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Coming Out Ahead

Mike Zaccardi, 3:19 am ET

LAST WEEK’S NEWS that Social Security recipients will receive a 5.9% cost-of-living adjustment for 2022 might seem like a nonevent. After all, those larger monthly checks will be fully devoured by today’s higher prices.

Or maybe not.

September’s report for the Consumer Price Index (CPI) showed that inflation for medical care services—a big cost for retirees—was quite tame over the past 12 months, rising less than 1%. Seniors also spend significantly less on transportation, so they’re less harmed by the past year’s 15% surge in the cost of new and used cars and trucks, as well as motor vehicle parts.

On the downside, younger retirees—or, at least, those willing to travel during the pandemic—have likely felt the brunt of the 18% jump in the cost of “lodging away from home.” One plus for travelers: A strong U.S. dollar has made overseas excursions less pricey. Those in their 60s usually travel more, while those ages 75 and up tend to spend a higher amount on health care.

Next year may be kinder to all consumers. According to Bank of America analysts, core CPI—which excludes volatile food and energy items—will rise 4.3% in 2021 and 3.1% in 2022. The Federal Reserve, which looks at a somewhat different inflation measure, expects core inflation to be even lower.

What does all this mean? Arguably, those receiving Social Security checks are getting a pretty good deal. They’re receiving a 5.9% raise, while their cost of living appears to be climbing at a slower rate.

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Randy Dobkin
Randy Dobkin
8 months ago

The COLA should be based on inflation measures more relevant to retirees.

R Quinn
R Quinn
8 months ago
Reply to  Randy Dobkin

Be careful what you ask for. The CPI-E is often cited but it rarely is more than .1 or .2% different than CPI-W and in some years it’s less.

Last edited 8 months ago by R Quinn
Ormode
Ormode
8 months ago

SS is nice, but most upper-middle-class retirees have other sources of income, and may get the bulk of their income from these. If they don’t increase as well, a 5.9% increase in SS will still not put you ahead. Pensions are often fixed, and the stock market may or may not continue to perform.

R Quinn
R Quinn
8 months ago
Reply to  Ormode

Not sure how we define upper middle class, but reportedly only 7% of retirees pay IRMAA premiums so that implies the vast majority are not upper middle class. Obviously the smaller percentage of total income provided by SS the less the overall COLA impact, but SS is still a significant portion of income for most retirees, especially widows.

parkslope
parkslope
8 months ago

SS increases are designed to catch up with inflation, not to anticipate it.

polamalu2009
polamalu2009
8 months ago

Mr. Quinn I could not agree more. My dear dad would stand up during senior group meetings and basically say that retirees were beggaring their children and grandchildren by increasing demands on SS and Medicare. He wasn’t real popular. Scott Burns wrote a wonderful book entitled “The Coming Generational Storm” whose basic tenet was that we could not do enough for our children compared to the burdens they would face financially being taxed during their working lives to pay for our (Baby Boomer) generation’s entitlements.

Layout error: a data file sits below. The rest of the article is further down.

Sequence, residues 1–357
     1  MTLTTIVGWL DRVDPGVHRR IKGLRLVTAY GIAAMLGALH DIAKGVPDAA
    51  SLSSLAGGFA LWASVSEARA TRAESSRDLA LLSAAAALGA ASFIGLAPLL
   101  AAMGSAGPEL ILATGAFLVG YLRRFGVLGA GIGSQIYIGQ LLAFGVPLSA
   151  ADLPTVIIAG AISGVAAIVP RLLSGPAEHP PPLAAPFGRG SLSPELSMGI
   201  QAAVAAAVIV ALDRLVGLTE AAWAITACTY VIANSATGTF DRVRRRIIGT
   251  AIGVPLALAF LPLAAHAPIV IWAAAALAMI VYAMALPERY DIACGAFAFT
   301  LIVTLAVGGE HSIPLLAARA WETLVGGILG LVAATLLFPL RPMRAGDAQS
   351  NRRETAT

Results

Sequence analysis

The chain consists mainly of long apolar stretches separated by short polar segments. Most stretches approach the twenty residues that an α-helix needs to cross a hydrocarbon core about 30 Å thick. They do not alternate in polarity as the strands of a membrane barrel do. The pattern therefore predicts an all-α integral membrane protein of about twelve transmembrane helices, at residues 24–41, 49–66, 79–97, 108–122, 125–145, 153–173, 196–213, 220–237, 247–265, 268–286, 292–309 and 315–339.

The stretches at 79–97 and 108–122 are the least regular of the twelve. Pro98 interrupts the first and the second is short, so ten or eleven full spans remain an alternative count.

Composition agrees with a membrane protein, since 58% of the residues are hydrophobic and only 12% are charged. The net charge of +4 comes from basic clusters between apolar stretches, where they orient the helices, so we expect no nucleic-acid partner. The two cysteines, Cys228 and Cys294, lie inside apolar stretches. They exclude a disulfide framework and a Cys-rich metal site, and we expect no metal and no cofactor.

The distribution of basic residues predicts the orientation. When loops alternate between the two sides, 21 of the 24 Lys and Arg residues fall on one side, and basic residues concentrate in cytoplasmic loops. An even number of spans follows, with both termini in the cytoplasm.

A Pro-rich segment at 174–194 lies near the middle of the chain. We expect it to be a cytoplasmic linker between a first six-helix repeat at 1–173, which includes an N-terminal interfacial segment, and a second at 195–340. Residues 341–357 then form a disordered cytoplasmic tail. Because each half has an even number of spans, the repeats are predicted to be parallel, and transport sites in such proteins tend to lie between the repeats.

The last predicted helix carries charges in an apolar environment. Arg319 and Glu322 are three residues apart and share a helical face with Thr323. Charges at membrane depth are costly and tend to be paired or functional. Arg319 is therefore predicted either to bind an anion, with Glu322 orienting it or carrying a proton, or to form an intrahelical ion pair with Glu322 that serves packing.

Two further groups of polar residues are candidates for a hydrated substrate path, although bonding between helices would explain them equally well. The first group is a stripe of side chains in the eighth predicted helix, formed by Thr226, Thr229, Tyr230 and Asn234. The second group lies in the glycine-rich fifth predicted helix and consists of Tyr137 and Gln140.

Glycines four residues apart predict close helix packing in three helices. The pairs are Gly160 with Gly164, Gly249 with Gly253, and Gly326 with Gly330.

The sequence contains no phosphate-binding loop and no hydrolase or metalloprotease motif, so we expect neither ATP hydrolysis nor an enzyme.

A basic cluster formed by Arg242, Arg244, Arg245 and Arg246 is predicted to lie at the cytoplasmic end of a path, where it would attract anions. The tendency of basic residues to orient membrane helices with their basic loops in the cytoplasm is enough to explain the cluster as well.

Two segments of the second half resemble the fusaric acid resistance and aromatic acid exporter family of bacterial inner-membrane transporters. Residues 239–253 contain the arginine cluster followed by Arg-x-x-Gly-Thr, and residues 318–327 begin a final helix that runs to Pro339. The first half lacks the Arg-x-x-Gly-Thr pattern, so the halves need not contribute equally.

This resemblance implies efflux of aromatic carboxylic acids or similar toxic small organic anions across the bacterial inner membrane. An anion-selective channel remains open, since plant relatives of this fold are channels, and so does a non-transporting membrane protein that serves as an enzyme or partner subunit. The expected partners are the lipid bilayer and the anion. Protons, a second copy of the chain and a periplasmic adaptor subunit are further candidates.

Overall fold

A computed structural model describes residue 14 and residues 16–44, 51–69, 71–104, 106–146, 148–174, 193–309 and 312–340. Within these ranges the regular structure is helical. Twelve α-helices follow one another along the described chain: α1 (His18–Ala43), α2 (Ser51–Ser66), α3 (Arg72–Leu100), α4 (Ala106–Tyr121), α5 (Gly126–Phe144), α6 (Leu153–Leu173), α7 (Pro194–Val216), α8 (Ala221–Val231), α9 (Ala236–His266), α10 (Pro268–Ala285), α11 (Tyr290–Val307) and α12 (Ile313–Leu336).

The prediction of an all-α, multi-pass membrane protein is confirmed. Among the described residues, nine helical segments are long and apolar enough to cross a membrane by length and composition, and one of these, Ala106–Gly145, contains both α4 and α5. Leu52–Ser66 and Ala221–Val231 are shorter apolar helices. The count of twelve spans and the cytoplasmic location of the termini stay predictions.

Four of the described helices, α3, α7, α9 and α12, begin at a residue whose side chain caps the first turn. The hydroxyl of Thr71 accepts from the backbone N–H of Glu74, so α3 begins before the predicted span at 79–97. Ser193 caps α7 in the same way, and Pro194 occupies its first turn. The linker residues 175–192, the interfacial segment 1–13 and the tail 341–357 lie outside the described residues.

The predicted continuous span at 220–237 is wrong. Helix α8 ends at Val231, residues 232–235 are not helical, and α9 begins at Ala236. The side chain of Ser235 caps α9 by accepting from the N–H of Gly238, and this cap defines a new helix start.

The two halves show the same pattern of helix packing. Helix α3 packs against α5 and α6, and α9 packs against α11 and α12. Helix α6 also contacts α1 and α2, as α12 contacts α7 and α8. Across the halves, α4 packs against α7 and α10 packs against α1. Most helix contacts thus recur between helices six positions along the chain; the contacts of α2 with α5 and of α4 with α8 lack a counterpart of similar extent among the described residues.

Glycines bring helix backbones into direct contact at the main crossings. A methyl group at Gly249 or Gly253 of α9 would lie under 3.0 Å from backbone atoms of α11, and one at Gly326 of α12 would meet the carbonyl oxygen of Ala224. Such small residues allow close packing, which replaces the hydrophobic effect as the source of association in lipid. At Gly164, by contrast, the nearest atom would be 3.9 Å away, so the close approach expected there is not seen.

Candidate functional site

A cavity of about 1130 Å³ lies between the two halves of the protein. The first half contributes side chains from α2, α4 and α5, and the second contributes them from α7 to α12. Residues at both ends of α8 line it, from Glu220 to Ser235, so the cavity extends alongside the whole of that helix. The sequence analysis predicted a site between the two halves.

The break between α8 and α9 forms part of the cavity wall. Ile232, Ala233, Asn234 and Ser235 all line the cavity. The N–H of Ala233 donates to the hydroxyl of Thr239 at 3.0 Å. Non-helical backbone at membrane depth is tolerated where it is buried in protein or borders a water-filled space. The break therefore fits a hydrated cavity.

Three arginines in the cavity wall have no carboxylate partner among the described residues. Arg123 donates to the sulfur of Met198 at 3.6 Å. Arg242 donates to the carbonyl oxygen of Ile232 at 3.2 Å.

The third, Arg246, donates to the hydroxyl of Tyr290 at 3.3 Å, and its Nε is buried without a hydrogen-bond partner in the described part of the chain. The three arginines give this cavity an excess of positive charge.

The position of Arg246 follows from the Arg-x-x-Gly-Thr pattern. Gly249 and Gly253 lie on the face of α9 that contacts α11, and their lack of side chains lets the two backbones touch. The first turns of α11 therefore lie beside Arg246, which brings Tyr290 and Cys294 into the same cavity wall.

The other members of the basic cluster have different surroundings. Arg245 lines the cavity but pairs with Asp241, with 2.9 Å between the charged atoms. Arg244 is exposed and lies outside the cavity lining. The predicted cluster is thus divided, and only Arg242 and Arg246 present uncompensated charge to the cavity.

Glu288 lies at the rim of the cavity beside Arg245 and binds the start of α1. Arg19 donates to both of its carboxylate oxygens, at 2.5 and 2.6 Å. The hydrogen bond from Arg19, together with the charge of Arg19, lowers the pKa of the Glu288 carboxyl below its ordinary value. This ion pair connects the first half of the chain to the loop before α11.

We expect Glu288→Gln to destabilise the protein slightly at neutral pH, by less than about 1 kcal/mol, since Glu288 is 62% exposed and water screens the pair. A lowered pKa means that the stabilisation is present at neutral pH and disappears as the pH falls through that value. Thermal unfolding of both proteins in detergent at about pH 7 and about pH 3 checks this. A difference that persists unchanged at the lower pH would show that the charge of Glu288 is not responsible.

R Quinn
R Quinn
8 months ago

As a 78-year old retiree getting that 5.9% I agree with you, but I would not stand up at a AARP meeting and say it.

Many retirees think it’s too low, that they were entitled to much more in the past. A new bill is about to be introduced to guarantee a minimum % increase regardless of actual inflation. I read one discussion saying retirees deserved a 20% raise.

It’s a strange world of entitlement when one hits 65. It’s like even after 40 years of working it’s a surprise you need more than SS to live on in old age. Most troublesome is the willingness for many seniors to keep demanding and taking with little regard to the eventual impact on their children and grandchildren or for that matter young families struggling in the moment.

But don’t overgeneralize health care costs. My Part D premiums are going up 20% in 2022 and deductible going from $150 to $400. No word on the Medigap premiums yet, but many have seen double digit increases. For lower income retirees those increases plus $10 more from Medicare can wipe out even 5.9% of their benefit.

mytimetotravel
mytimetotravel
8 months ago
Reply to  R Quinn

Have you compared drug plans on medicare.gov yet? You should do that every year, and even without setting up an account you can input your actual medications to get a good comparison. (I don’t know why you would not set up an account, they already have all your data.)

IAD
IAD
8 months ago

I would never plan on anything the Federal Reserve or big banks say. They are selling this crap to keep the peasants docile.

Mike Zaccardi
Mike Zaccardi
8 months ago
Reply to  IAD

We can use the Treasury markets to figure out what the sum of the crowd believes. We’re at roughly 2.9% inflation going out two years.

Update: 2.94% going out five years!

Last edited 8 months ago by Mike Zaccardi

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